Addressing Imputed Income in NJ Child Support Cases
Imputed Income is Assigned by Family Courts to Non-Custodial Parents to Ensure They Fulfill Child Support Responsibilities Despite Unemployment or Underemployment.
When a couple with a family divorces in New Jersey, the family court is focused on ensuring that the children’s needs will be met financially. Child support is the means through which non-custodial spouses are held accountable for contributing to expenses related to their children’s food, housing, medical, and educational expenses. Most parents work hard to make ends meet so they can keep up with child support, knowing it is in their children’s best interests. However, this can be difficult in an unpredictable economy. Sometimes, a parent’s economic situation adversely impacts their ability to support their children fully financially after divorce.
Unfortunately, in other cases, they shirk their duty, willingly taking a lower-paying job or choosing to remain unemployed so they will not have to pay child support. In these cases, the court will step in and impute income. Contact The Montanari Law Group today if you’re up against an imputed income placement even though you’ve legitimately looked for and been unsuccessful in finding employment, or if you need help securing unpaid child support. Read on to learn more about how courts determine imputed income and how it could affect your child support responsibilities.
Significance of Imputed Income in NJ Child Support Cases
Imputed income is an income assigned to certain non-custodial parents by the family court, used to determine your child support payment responsibility. It is assigned to individuals who are willingly unemployed or underemployed and cannot prove that their situation exists despite efforts to obtain gainful employment. The purpose of imputed income is to discourage individuals from evading obtaining employment aligned with their education and training as a way of avoiding paying child support.
Factors Influencing Income Imputation in New Jersey Custody and Child Support Hearings
The New Jersey Superior Court: Family Part judge in charge of one’s custody and child support hearing will look at various factors to determine if income needs to be imputed. They may look at the non-custodial parent’s prior employment to determine a comparable income for their level. They may look to the market to determine the income of someone with the individual’s training and experience. Or for someone without extensive training or experience, they may look at what the average income of a person working 40 hours a week at minimum wage is in the area.
Influences of Imputed Income on Child Support Payments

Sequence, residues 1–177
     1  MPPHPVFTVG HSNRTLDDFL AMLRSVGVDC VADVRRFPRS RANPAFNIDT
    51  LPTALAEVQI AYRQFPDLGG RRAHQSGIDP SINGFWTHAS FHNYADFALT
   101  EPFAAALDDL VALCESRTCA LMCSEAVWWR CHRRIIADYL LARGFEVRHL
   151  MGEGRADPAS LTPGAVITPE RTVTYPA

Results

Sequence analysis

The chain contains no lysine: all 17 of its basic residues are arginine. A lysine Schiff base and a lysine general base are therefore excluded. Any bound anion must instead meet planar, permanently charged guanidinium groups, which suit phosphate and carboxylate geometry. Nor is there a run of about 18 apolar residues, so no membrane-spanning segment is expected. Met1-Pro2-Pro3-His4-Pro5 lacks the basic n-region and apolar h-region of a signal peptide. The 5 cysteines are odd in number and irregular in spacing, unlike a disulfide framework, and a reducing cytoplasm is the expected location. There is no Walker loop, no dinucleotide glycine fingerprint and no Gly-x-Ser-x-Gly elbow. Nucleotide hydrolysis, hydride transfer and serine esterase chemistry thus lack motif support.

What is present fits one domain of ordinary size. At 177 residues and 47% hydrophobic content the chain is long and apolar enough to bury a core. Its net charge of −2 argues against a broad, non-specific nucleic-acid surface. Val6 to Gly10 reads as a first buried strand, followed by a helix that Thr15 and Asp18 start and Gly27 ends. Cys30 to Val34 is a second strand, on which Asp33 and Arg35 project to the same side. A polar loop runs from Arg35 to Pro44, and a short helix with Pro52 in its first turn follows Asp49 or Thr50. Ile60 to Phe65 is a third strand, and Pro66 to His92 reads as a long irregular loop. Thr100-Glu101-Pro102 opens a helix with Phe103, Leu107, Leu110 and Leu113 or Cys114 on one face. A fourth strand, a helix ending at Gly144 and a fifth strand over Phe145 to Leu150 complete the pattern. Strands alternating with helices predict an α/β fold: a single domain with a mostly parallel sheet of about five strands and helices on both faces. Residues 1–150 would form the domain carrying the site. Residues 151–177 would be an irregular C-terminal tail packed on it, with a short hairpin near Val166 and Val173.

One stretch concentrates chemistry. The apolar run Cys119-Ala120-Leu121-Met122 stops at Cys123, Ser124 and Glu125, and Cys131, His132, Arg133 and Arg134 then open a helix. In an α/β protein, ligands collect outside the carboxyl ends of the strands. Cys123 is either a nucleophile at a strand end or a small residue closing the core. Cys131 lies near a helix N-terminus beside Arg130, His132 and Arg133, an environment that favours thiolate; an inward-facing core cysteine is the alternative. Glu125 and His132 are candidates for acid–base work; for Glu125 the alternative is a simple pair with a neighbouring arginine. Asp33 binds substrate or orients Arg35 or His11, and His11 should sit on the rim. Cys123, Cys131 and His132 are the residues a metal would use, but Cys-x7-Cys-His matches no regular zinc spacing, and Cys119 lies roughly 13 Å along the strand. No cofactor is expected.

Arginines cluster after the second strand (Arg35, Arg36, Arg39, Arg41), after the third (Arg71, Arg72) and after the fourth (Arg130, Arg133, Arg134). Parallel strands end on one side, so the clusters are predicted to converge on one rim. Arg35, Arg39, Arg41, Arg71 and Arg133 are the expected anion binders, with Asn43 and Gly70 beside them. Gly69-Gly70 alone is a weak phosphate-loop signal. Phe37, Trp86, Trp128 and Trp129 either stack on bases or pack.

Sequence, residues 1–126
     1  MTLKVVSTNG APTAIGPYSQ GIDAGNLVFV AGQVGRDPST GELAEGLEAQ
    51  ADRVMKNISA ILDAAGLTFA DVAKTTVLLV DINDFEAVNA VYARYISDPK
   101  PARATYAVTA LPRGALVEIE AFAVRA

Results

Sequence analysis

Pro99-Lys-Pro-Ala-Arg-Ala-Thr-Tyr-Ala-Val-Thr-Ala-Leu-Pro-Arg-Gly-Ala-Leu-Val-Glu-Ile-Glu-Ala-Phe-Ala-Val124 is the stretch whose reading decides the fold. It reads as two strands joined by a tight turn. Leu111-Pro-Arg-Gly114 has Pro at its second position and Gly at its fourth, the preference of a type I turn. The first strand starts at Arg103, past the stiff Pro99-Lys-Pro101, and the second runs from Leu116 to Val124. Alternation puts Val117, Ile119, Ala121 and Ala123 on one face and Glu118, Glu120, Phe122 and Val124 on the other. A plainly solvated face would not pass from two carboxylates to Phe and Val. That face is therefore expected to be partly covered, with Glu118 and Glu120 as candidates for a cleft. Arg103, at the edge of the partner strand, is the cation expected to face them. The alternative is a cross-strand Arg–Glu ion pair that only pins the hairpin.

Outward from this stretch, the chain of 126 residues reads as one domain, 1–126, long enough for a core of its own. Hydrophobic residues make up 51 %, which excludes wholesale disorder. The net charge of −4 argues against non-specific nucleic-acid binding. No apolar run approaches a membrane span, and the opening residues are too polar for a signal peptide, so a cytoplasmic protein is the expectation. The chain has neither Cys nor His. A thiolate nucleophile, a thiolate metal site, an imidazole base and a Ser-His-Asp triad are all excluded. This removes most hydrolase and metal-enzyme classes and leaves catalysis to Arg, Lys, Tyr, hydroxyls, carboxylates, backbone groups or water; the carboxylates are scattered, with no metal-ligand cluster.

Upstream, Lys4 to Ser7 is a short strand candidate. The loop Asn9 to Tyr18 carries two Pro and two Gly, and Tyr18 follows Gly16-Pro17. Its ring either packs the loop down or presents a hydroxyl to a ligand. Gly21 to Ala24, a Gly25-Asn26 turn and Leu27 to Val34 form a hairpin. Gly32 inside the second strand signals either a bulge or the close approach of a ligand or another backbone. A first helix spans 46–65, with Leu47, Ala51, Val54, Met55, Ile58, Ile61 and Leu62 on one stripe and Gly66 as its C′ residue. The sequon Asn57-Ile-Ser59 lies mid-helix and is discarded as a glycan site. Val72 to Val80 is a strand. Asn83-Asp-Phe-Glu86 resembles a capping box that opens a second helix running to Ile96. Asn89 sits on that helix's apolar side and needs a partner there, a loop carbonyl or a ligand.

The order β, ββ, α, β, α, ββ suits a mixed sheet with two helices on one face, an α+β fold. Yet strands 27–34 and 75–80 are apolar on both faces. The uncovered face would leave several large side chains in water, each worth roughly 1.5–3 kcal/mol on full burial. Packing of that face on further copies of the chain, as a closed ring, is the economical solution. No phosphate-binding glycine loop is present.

Imputed income increases an individual’s child support payment responsibility because it inflates their earnings in order to calculate payment. As such, the child’s financial needs are met regardless of the fact that the individual does not have the gainful employment to match such a payment. This is only done when a person willfully denies employment in order to avoid paying child support.
Legal Strategies for Contesting Imputed Income in NJ Family Court
Imputed income is a reasonable approach to ensuring that a child’s financial needs are met in New Jersey. However, there are many cases in which an individual has attempted to find employment and has been unable, or is otherwise unable to work. In such cases, it is important that that individual seek legal representation from a child support attorney to contest the family court’s issuance of imputed income for purposes of determining a child support payment. For multiple reasons, a court’s calculation based on the market area or an individual’s prior employment may not fairly reflect a person‘s work capacity at this time. In these cases, it is important to seek legal support.
Contact An Attorney at Montanari Law Group for Questions about Imputed Income for Child Support in New Jersey
A child support attorney at The Montanari Law Group can help you gather the documentation and evidence needed to prove that your unemployment or underemployment is not the result of a willing evasion of responsibility to pay child support. We will guide you through the process of preparing your case and help you gather evidence, such as updated CVs, a list of companies with whom you have interviewed and been denied, and letters from those companies confirming this.
Our team at The Montanari Law Group has a long-standing repertoire of support and successful representation of divorcing parents in Woodland Park, Clifton, Hawthorne, Hackensack, Totowa, Paramus, and areas throughout Passaic, Hudson, Essex, and Bergen County. Our attorneys are committed to ensuring that you can support the financial needs of your child while respecting your financial capacities and your attempts at employment in this economic environment. Contact us today at (973) 233-4396 for a free consultation regarding your child support case.